On September 26, 1992, China’s State Council decided to abolish the Shanghai County and the former Minhang District and replace them with a new Minhang District. The new district covers the administrative areas of the former county and the former district.
Historically, Minhang District was under the jurisdiction of Shanghai County. The history of Shanghai County can be traced back to more than 4,000 years ago after archaeologists unearthed cultural relics that belonged to the Maqiao Culture. Shanghai County became an administrative division in 1292 during the Yuan Dynasty. It was first called Minhang during the reign of Emperor Hongzhi of the Ming Dynasty and was formally named Minhang in 1512. Shanghai County was placed under the jurisdiction of Jiangsu Province in 1918 and became part of the Shanghai Special City when Shanghai was under the Japanese rule during China’s War of Resistance against Japanese Aggression. It was called Shanghai County again after the 1945 victory of the War against Japanese Aggression.
On May 15, 1949, Shanghai County was liberated and was placed under the jurisdiction of Sunan District first and later Jiangsu Province.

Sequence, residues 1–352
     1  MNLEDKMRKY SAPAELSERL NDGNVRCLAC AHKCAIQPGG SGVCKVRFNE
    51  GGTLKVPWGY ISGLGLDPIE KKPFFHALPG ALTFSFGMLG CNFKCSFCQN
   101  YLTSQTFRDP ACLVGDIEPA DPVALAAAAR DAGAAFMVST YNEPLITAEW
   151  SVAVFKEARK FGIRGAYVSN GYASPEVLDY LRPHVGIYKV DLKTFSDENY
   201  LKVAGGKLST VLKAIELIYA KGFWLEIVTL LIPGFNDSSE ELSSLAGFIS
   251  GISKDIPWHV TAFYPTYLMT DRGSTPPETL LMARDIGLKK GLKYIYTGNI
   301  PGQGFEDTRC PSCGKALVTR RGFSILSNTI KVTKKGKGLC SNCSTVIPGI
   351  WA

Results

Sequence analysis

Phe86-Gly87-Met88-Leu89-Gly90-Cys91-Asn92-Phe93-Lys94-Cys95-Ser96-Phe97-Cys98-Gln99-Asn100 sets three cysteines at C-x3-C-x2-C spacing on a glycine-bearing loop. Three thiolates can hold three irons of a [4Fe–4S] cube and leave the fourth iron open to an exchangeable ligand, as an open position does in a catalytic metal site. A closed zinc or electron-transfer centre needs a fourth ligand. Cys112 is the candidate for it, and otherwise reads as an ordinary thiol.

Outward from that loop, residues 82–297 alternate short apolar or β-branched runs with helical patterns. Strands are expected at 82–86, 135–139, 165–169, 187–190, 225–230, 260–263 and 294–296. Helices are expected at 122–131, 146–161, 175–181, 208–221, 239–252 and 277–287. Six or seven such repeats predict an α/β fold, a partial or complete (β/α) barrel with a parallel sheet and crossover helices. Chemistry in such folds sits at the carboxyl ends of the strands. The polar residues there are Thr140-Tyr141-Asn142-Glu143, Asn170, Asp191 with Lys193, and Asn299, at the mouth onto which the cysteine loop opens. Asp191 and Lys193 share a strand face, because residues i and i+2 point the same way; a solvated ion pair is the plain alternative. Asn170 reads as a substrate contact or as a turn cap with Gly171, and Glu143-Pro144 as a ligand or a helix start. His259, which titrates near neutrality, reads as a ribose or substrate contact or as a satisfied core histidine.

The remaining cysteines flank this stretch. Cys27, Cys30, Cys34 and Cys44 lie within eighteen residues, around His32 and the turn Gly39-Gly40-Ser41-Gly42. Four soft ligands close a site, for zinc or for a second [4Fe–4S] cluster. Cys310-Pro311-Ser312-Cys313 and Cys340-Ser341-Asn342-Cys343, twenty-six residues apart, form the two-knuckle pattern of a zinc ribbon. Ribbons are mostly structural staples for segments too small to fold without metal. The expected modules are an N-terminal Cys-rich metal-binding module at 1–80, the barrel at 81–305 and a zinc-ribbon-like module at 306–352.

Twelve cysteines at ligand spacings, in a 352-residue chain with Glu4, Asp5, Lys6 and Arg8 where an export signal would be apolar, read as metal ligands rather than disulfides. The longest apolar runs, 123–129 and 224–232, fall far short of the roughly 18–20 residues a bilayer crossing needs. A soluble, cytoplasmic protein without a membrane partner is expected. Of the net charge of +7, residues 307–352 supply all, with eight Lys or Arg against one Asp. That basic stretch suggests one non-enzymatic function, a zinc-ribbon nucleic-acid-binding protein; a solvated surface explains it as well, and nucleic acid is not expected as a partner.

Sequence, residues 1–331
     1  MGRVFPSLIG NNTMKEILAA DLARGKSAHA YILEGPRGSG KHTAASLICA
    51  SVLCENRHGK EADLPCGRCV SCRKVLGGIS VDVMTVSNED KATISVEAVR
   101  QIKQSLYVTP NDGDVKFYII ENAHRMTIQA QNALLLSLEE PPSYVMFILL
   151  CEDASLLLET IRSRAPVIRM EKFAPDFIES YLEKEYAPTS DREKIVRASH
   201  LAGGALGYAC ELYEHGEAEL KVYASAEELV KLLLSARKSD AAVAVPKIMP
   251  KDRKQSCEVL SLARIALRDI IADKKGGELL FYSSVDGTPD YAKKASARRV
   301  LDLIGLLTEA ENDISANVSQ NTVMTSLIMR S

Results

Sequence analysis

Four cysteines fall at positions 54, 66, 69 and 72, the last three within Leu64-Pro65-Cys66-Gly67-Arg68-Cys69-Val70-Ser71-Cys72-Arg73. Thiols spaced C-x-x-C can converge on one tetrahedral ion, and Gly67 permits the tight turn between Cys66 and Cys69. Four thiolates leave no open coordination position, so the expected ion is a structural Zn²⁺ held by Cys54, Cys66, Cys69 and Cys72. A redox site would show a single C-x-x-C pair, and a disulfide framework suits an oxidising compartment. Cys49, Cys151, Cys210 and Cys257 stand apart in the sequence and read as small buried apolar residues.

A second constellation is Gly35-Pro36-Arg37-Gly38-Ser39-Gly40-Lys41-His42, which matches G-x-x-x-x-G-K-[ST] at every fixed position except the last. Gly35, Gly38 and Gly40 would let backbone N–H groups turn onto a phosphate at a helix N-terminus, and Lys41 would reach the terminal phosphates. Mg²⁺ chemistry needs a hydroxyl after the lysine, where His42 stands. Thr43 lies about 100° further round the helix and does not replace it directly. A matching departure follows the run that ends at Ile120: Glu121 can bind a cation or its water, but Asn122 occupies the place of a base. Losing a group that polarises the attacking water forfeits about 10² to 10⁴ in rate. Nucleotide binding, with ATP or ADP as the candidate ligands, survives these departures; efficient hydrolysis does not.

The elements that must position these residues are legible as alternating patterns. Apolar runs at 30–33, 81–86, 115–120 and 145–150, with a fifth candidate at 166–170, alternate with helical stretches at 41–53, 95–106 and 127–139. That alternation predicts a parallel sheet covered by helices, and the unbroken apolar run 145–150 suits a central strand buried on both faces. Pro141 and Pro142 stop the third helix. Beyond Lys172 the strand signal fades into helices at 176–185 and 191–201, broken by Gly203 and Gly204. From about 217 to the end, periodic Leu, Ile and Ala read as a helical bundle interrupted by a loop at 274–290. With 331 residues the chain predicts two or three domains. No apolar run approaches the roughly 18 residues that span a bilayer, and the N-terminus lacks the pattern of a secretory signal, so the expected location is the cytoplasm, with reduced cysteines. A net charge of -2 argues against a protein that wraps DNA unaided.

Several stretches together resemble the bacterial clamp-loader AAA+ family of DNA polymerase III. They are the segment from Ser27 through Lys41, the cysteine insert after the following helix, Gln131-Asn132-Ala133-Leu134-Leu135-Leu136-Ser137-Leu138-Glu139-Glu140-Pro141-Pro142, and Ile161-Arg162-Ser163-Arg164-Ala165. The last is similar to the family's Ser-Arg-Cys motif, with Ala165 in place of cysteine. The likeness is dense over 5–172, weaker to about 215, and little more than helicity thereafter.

In January 1958, Shanghai County was put under the jurisdiction of Shanghai Municipality.
In December 1959, the former Minhang District was established to replace Minhang Town and Wujing Area of Shanghai County. In June 1964, the former Minhang District was abolished and incorporated into Xuhui District, becoming two sub-districts: Minhang and Wujing. In February 1981, the former Minhang District was restored.
On September 26, 1992, the former Minhang District merged with Shanghai County to become the new Minhang District.
The site of Maqiao Culture is located at Yutang Village in Maqiao Town of Minhang. It lies on a belt-shaped shell mound called Zhugang. The belt is long, stretching from north to south, but narrow from east to west. Maqiao Culture is a typical cultural heritage of the region around the Taihu Lake, occupying a very important position in China’s archaeological studies.
The land at the site of Maqiao Culture was formed about 5,500 years ago, and began to see human activity during the transitional period from Songze Culture to Liangzhu Culture. During the Xia and Shang dynasties, the place became the largest village in the region around the Taihu Lake, with the most typical social life at the time. The village covered more than 150,000 square meters. During the period of Warring States to the Tang, Song and Yuan dynasties, the place became a settlement. In 1982, the archaeological community named the site of Maqiao as “Maqiao Culture.”
The site of Maqiao Culture was discovered in 1959. More than 1,000 cultural relics were unearthed from the site after several excavations in the 1960s and 1990s. The site serves as a scientific evidence of Shanghai’s history and its land forming time.